Customs Registration: how to stop infringing goods at source

Did you know that customs registration, or ‘IP customs notification’, can be used to help you to enforce your IP?  IP customs notification is a tool for IP rights holders to prevent cross-border transit of infringing goods.  In other words, it can be used to stop infringing goods at a border before they enter your principal markets from elsewhere, or even before they leave a country of manufacture.  It can be a hugely valuable tool because, used effectively, it could save you from having to try and locate the source of infringing goods after they have hit your market and damaged it, and then having to issue court proceedings against them to try and recoup your losses: by then, your market (and possibly even your brand and reputation) might be irreparably damaged by sub-standard copies, and the financial impact of that can be difficult to quantify, and even more difficult to compensate fully.

How can it help you?

Firstly, if you already have registered IP in, say, the UK and you know that infringing goods are entering your market from abroad, IP customs notification can be used to block shipments of the goods at the border.  This could represent a huge cost and time saving in the long run, because it saves you from pursuing each of a number of distributors of the goods in the UK, or trying to trace the source of the infringing goods so you can pursue them, during which time the infringing goods are still for sale in your market and damaging, not just your profits, but also (possibly) your brand and reputation.

Secondly, when deciding whether or not to secure registered IP protection in any country, it is worth checking whether or not they have an IP customs notification provision, and then thinking about what additional value would be added to your business model if you could prevent shipments of infringing goods from entering (or leaving) that country.  Purely by way of example, if you have an innovative product that you plan to sell (mainly) in the EU and USA, but it will be manufactured in, say, China or India.  Clearly, having registered IP protection in the EU and USA would be hugely valuable, but if you think the main source of any copies might come from your country of manufacture, is it worth obtaining registered IP there, even if it is just to allow you to prevent any shipments of infringing goods at source so that they never reach your main markets?  This could be especially powerful for blocking sub-standard or low quality copies that customers could buy thinking they are yours, which could damage your brand and reputation as well as your profits, and which are much more difficult to compensate for by damages in any court proceedings.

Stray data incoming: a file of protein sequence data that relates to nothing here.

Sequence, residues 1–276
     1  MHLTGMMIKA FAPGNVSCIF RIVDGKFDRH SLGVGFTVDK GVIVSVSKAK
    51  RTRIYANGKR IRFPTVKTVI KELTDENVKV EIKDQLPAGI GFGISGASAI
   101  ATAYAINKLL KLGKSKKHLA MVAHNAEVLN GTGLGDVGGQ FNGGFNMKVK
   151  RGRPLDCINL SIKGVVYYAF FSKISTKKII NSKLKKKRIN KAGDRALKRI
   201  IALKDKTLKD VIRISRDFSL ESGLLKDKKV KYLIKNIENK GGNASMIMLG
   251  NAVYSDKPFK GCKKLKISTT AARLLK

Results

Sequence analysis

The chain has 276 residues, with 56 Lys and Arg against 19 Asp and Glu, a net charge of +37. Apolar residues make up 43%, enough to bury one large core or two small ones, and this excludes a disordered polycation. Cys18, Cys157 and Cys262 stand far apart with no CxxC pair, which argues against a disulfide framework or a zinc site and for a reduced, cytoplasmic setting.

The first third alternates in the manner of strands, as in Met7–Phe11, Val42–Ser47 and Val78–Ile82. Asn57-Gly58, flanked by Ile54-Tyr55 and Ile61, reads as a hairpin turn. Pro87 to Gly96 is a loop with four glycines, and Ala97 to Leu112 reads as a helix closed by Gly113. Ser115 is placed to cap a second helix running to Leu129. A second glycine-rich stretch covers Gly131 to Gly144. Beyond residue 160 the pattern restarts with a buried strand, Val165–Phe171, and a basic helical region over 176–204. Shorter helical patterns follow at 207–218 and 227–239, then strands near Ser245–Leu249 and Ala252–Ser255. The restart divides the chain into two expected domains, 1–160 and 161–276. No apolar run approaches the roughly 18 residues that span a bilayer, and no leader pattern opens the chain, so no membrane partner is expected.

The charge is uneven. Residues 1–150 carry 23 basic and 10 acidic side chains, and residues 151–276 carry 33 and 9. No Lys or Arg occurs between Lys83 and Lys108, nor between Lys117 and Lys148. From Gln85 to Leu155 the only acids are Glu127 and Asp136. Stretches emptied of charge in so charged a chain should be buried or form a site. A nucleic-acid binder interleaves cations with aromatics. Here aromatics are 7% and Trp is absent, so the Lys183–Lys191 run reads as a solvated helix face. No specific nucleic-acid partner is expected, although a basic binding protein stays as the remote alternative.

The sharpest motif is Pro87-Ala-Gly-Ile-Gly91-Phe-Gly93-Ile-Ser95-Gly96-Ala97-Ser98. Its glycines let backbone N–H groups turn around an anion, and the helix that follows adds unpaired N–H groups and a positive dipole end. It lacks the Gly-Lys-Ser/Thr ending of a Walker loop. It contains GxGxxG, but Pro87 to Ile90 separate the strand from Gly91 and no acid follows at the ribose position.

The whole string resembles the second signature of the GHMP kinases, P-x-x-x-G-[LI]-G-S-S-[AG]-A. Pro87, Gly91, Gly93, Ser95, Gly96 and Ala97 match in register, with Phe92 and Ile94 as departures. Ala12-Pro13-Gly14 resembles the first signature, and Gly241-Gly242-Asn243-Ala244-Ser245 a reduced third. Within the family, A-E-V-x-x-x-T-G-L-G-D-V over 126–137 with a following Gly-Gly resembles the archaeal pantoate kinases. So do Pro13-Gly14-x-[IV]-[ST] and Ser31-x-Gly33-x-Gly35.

What happens after an IP customs notification has been successfully submitted?

Once you have successfully submitted an IP customs notification, the customs office in general will usually notify you (or your representative) of any infringing inbound (or, in some cases, outbound) shipments, and they could also potentially detain and destroy infringing goods.  However, legal proceedings may be required, and there are country-specific enforcement procedures, so qualified local expert counsel should always be used to assist.

Customs registration - What you should know

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**You should always consult with national customs agencies and/or a qualified attorney to confirm the IP customs notification requirements for any particular jurisdiction.  This is intended for informative purposes only, and should not be relied upon for specific circumstances.

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